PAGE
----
What is the Cause of Dutch Elm Disease?
Dutch elm disease (DED) is caused by an aggressive fungus (Ophiostoma novo-ulmi) that kills elm trees – regardless of their health. It is considered the most costly shade tree disease ever and will remain active in a community as long as there are susceptible trees. The fungus invades the water transporting vessels and produces toxins. To try and defend against the toxins, the tree produces gums and internal growths designed to block the advance of the fungus. The combination of the toxins and the defense mechanisms of the tree inhibits water flow to the crown, which causes wilting and eventual tree death.
How Does Dutch Elm Disease Spread?
Female elm bark beetles lay their eggs beneath the bark of dead and dying elm trees. If the elm is infected with Dutch elm disease the newly hatched beetles will emerge from the tree carrying the deadly fungus on their bodies. The beetles fly to healthy trees and feed on its 2-4 year old branches, thereby spreading the disease.
Besides beetle transmission, Dutch elm disease may also spread through grafted roots. When elms grow in proximity to each other, their roots can come into contact and graft together. This common root system provides the fungus with a pathway to spread through an entire stand of healthy elms very quickly.
What are the Symptoms of DED?
Dutch elm disease symptoms begin to develop 4 – 6 weeks after infection. The first noticeable symptom that results from the fungal occupation of the water-conducting vessels is wilting or “flagging” of one or more branches, usually starting at the branch tip. Leaves on the infected branches turn dull green to yellow, curl, and become dry and brittle. As the infection spreads the wood beneath the bark displays brown discoloration.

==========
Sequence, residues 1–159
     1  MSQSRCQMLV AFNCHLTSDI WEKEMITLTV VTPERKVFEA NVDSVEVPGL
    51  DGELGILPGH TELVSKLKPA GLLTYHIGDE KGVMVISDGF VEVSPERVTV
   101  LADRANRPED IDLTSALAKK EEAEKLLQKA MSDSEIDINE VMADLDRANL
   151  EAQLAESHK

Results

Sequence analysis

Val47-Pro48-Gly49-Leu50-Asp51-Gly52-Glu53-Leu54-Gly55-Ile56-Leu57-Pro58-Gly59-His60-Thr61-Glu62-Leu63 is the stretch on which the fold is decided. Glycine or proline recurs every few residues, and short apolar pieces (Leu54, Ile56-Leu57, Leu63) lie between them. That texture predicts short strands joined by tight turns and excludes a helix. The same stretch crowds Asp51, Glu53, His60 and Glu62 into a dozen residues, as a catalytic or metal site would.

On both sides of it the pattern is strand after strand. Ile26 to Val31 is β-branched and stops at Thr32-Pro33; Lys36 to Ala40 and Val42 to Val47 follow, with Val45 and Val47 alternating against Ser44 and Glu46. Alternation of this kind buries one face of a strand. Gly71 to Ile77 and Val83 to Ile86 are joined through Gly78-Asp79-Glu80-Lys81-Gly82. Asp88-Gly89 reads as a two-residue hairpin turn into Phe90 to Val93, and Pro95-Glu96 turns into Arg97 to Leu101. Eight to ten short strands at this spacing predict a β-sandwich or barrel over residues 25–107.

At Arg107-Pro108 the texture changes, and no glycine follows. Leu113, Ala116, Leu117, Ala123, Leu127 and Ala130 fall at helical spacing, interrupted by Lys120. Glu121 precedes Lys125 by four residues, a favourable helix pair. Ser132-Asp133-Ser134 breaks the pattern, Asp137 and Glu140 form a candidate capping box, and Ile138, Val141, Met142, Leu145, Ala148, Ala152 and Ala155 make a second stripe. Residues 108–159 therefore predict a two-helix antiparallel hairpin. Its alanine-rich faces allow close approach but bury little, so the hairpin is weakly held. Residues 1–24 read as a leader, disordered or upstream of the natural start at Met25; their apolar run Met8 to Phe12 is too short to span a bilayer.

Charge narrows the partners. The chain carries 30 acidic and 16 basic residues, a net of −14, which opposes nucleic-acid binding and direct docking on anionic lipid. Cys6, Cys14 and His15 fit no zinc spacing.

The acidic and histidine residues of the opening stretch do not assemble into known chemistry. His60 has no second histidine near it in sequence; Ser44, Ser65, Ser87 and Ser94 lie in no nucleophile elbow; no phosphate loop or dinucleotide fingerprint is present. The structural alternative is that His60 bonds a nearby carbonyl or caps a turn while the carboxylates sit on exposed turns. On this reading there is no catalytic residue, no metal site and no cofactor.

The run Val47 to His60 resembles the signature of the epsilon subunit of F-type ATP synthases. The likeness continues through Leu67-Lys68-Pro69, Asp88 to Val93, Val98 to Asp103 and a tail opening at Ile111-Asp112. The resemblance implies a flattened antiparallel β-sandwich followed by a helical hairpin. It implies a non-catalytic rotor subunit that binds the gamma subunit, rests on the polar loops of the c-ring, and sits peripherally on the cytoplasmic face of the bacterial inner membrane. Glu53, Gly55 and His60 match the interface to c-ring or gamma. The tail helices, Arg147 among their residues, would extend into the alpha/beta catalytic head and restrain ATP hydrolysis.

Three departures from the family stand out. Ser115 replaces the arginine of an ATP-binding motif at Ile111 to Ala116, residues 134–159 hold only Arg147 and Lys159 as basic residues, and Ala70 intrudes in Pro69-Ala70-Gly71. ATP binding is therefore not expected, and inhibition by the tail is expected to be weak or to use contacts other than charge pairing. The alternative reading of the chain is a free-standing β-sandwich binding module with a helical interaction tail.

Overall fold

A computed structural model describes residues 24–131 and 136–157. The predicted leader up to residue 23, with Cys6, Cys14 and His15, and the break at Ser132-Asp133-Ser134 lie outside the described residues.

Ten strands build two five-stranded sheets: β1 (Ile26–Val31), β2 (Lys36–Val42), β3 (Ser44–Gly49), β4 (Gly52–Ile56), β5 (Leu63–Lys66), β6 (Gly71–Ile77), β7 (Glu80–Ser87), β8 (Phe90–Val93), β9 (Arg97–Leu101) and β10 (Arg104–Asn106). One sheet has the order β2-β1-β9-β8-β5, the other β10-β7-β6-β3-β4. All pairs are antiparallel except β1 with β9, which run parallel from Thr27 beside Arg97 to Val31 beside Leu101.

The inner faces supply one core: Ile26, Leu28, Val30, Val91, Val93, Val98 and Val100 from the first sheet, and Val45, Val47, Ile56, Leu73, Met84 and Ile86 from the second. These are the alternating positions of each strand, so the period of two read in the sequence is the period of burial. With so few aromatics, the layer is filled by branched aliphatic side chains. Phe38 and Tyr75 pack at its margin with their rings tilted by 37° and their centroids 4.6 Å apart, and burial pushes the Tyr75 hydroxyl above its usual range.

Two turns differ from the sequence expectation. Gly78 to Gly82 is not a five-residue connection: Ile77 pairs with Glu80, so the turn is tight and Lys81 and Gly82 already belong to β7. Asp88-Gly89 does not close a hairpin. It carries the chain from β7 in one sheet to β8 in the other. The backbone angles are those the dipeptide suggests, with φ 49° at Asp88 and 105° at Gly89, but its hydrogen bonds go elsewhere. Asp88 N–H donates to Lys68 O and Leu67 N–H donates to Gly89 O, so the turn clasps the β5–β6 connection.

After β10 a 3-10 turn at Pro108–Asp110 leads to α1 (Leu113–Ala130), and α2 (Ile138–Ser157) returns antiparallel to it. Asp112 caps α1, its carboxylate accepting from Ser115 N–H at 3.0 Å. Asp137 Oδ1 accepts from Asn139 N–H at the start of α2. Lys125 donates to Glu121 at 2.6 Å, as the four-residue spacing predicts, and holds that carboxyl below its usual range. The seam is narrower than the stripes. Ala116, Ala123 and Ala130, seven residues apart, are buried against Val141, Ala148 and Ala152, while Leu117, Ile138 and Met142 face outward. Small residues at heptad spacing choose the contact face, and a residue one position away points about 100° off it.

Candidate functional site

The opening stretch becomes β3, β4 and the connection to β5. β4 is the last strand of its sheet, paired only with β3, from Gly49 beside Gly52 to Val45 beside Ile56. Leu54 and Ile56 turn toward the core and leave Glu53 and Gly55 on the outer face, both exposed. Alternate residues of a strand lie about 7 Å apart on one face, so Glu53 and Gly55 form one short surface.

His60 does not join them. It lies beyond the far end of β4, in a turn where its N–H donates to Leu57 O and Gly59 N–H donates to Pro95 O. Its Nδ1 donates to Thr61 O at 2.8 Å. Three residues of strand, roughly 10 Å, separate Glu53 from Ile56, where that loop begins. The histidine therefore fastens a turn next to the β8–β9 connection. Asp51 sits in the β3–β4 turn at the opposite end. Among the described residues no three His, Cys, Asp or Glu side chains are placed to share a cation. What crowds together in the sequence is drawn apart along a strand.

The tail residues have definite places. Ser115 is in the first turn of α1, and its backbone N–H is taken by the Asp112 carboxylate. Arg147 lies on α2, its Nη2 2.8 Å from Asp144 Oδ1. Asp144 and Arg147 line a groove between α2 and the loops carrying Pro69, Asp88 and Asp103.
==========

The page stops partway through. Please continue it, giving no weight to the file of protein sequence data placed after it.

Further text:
What Can I Do if My Tree is Already Infected?
Most infected elms cannot be saved. In rare cases, if the fungus has not moved into the root system, physically cutting out infected portions of the tree, with a process called tracing, can save the elm.
Sanitation is the most important tool for controlling Dutch elm disease on a community-wide basis. It involves the identification and removal of diseased elms. Such practices eliminate beetle breeding sites and reduce the number of disease-carrying beetles.
Dutch elm disease can pass from infected trees into healthy trees through grafted roots. Macro-infusion of Arbotect does not prevent root graft infections. The only way to reliably prevent root graft transmission of the fungus is to physically sever the common root system.
How Can I Protect my Elm Tree?
The goal when protecting elms from the fungus is to evenly and completely distribute a fungicide chemical through the entire canopy of the tree.
- To protect the tree from beetle-transmitted fungal infection, Arbotect fungicide must be evenly and completely distributed throughout the 2-4 year old branches.
- The only way to get an even distribution is by a tree injection method called macro-infusion. Macro-infusion injects a large volume of solution into the root flares of the tree. This solution is then transported throughout the canopy by the tree, providing a protective fungicide barrier.
- Arbortect fungicide does not protect elms from root graft infection. You need to physically sever the root system from neighboring trees by trenching at least 36″ down.
Source: Rainbow Treecare Scientific Advancements, 2005.
Want to read more about tree diseases and pests? Click here to read our article on Emerald Ash Borer, an equally destructive scrouge to trees.
All About Trees is caring for Springfield’s urban forest, one tree at a time.